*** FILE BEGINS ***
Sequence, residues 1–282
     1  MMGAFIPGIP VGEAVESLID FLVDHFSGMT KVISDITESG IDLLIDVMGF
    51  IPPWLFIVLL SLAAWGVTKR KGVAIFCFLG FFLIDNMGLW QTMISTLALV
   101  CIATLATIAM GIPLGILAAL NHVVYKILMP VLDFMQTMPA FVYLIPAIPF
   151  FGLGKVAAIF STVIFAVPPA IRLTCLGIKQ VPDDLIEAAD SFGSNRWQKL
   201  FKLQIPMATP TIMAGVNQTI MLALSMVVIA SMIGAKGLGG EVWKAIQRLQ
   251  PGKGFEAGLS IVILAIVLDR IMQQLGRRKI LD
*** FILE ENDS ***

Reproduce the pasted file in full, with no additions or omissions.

Sequence, residues 1–282
     1  MMGAFIPGIP VGEAVESLID FLVDHFSGMT KVISDITESG IDLLIDVMGF
    51  IPPWLFIVLL SLAAWGVTKR KGVAIFCFLG FFLIDNMGLW QTMISTLALV
   101  CIATLATIAM GIPLGILAAL NHVVYKILMP VLDFMQTMPA FVYLIPAIPF
   151  FGLGKVAAIF STVIFAVPPA IRLTCLGIKQ VPDDLIEAAD SFGSNRWQKL
   201  FKLQIPMATP TIMAGVNQTI MLALSMVVIA SMIGAKGLGG EVWKAIQRLQ
   251  PGKGFEAGLS IVILAIVLDR IMQQLGRRKI LD